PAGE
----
a graduate student trapping beaver, a graduate student on horseback, graduate students on the range

The MSU Department of Animal and Range Sciences offers a Master of Science degree and a Doctor of Philosophy degree in Animal and Range Sciences. Both degree programs require students to choose an emphasis in either Animal Science or Range Science. The department is also a program participant in the cross-college Ecology and Environmental Sciences Doctoral Program.

Departmental Application Process and Requirements

Graduate Course Descriptions

The Graduate School application procedures

Animal and Range Sciences Graduate Student Policy

Current graduate students and their research.


Domestic completed applications must be received by the department by the following dates:

  • Fall semester admission: June 1
  • Spring semester admission: November 1
  • Summer semester admission: April 1

International completed applications must be received by the department by the following dates:

  • Fall semester admission: April 1
  • Spring semester admission: September 1
  • Summer semester admission: January 1

It is recommended students seek an advisor (required) one year prior to applying.

Incomplete application packages will not be accepted .

Animal Science Emphasis

two women scientist in the field with sheep

As a graduate student in Animal Science you will receive broad-based training and experiences that qualify you for myriad  agricultural or agriculture-adjacent careers. Areas of emphasis include nutrition, breeding and genetics, physiology, production systems, and meat science/muscle growth. Research problems may involve beef cattle, sheep, and biochemical or other properties of agricultural products.

Supporting course work may be taken in Animal Science, Range Science, Biology, Wildlife Management, Biochemistry, Statistics, Plant Sciences, Land Resources and Environmental Sciences and Economics.

Research laboratories and facilities are available in the department and specialized equipment is also available through cooperation with other departments.

The department conducts cooperative research with the U.S. Livestock and Range Research Station at Miles City, Montana, and the U.S. Sheep Experiment Station at Dubois, Idaho.

Facilities for the maintenance of beef cattle and sheep are available at the Red Bluff Research Ranch, 30 miles west of Bozeman, the Fort Ellis Research Center near Bozeman, and the Northern Agricultural Research Center at Havre. The main station has facilities for sheep, horses and beef cattle (a cattle feedlot and nutrition laboratory). A wool laboratory is located on campus.

You are welcome to contact any tenure-track faculty advisor whose research may interest you.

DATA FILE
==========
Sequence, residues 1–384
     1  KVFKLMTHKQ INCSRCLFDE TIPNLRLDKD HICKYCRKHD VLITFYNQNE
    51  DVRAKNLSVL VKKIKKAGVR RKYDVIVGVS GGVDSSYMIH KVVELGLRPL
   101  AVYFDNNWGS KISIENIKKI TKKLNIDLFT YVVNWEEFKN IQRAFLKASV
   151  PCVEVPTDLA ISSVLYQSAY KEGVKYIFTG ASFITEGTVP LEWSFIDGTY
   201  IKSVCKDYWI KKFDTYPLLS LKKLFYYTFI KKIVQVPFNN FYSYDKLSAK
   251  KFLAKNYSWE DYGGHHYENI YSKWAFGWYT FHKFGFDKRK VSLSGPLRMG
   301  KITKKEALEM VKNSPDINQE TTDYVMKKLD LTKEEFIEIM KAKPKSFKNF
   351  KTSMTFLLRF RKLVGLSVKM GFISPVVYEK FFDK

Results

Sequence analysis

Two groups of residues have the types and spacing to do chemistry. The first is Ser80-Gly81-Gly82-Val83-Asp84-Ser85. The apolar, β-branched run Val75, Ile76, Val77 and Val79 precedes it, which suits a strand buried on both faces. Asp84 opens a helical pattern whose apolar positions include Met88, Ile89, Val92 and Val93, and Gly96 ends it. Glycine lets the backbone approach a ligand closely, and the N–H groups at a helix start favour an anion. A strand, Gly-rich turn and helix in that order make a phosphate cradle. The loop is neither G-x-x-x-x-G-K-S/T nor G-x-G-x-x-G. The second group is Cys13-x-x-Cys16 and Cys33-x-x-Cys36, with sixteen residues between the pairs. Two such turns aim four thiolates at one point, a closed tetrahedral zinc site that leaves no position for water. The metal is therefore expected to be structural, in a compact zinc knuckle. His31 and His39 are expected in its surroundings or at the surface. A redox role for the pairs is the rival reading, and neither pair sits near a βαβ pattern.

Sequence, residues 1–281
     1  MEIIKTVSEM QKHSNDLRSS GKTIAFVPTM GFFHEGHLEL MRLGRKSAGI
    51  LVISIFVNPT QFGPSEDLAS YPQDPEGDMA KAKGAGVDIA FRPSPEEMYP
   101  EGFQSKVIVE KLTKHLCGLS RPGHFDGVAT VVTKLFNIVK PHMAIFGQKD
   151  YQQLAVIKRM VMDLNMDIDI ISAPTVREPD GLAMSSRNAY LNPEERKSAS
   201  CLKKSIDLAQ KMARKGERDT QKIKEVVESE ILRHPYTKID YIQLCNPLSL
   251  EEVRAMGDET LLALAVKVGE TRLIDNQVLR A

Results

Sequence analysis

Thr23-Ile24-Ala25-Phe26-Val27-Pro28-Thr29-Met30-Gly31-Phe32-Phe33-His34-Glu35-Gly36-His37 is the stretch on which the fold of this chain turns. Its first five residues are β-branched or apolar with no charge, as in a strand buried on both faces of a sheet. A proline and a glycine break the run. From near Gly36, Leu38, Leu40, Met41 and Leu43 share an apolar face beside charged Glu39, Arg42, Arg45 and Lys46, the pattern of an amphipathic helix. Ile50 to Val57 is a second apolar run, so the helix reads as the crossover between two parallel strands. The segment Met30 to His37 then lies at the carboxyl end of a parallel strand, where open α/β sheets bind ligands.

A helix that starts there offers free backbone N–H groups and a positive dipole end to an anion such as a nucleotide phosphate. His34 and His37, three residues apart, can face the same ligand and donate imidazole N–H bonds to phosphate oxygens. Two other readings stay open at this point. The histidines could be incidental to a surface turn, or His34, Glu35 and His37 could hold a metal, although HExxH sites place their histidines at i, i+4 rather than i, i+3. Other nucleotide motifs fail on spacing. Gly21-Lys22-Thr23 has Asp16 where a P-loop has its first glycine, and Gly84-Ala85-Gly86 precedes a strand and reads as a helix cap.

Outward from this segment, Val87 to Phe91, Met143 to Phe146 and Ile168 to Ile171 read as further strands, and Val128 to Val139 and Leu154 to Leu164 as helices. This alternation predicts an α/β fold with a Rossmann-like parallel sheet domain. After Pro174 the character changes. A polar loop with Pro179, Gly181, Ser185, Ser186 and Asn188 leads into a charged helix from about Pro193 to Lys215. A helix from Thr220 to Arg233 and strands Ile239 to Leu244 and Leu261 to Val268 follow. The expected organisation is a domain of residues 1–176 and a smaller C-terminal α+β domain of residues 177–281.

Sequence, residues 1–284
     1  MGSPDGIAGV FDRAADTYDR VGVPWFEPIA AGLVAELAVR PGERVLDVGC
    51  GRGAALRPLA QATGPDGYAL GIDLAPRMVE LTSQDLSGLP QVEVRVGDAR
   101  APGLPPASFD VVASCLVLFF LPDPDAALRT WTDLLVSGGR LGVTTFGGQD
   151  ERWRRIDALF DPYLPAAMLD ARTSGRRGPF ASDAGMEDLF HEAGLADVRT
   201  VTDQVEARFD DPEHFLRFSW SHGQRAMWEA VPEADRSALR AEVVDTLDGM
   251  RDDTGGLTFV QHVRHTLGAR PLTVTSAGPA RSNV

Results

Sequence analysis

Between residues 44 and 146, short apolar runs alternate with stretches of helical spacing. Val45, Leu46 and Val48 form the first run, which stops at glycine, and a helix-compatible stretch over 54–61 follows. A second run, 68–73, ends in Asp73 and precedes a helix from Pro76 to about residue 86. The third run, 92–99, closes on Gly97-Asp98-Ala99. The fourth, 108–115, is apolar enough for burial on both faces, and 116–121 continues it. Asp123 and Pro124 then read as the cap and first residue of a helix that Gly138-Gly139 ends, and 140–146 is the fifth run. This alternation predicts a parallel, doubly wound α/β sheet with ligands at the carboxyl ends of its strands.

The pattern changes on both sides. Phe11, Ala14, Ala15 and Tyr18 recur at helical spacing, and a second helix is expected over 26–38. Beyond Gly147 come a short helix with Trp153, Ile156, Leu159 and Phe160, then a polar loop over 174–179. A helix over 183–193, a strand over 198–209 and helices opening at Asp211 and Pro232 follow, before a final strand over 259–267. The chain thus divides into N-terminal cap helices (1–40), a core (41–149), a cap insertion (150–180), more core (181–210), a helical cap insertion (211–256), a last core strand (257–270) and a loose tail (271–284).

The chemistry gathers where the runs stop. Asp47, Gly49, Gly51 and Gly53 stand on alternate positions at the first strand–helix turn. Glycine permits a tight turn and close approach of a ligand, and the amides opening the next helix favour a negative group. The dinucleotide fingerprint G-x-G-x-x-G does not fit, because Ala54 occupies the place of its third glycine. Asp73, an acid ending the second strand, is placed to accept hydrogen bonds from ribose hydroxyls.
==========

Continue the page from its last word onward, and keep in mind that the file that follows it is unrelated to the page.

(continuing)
Range Science Emphasis

man and woman scientists in a field doing research

As a graduate student in Range Science, you will be prepared for careers in rangeland management, wildlife management, habitat management, natural resource conservation and restoration, research, land-use planning, and consultation.

Research and training opportunities in the Range Science programs are diverse, and students with a variety of backgrounds, goals, and educational needs are accepted.

Major areas of study are range ecology, habitat management, watershed management, grazing management, monitoring, riparian ecosystems, measurements, and plant-animal (livestock and wildlife) interactions.

Students conduct cooperative projects with ranchers and federal and state agencies. Supporting courses at the graduate level include botany, wildlife biology and management, soils, animal science, earth science, plant science, statistics and biochemistry.

To support your research, you will have access to research facilities, including the Red Bluff Research Ranch, several  Montana Agricultural Experiment Station research facilities, the U.S. Livestock and Range Research Station and the U.S. Sheep Experiment Station.

You are welcome to contact any tenure-track faculty advisor whose research may interest you.

Ph.D. in Ecology and Environmental Sciences

greater yellowstone ecosystem

This cross-college doctoral degree represents a broad collaboration among departments and faculty across MSU. It provides opportunity for motivated students to integrate our world-class faculty research programs in diverse aspects of ecology and environmental sciences, often within the unparalleled natural laboratory that is the Greater Yellowstone Ecosystem.

Particular program strengths include terrestrial and aquatic ecology, environmental biogeochemistry, evolutionary biology, hydrology and watershed analysis, quantitative ecology, agroecology, environmental risk assessment, invasive plant ecology and management, conservation biology, land rehabilitation/restoration ecology, environmental microbiology, remote sensing and spatial sciences, chemical ecology and land-atmosphere interactions. 

Graduates will be well-trained professionals who will compete strongly in research, teaching, and related fields nationally and internationally.

Ecology and Environmental Sciences doctoral students have the option to be affiliated with one of several home departments, in addition to Animal and Range Sciences that corresponds to that of their major faculty advisor. Other specific graduate program criteria, procedures, and processes vary among departments.

In the Department of Animal and Range Sciences these include:

  • One credit of ARNR 507 - Research Methods
  • One credit of ARNR 594 - Animal and Range Sciences Seminar
  • One credit of LRES 593 - Grand Challenges in Ecology and Environmental Sciences (EES).
  • A three-credit graduate (400-500 level) course in experimental design and six credits of graduate statistical methods courses within a previous master's or current doctorate program.

Learn more about this program and other participating departments.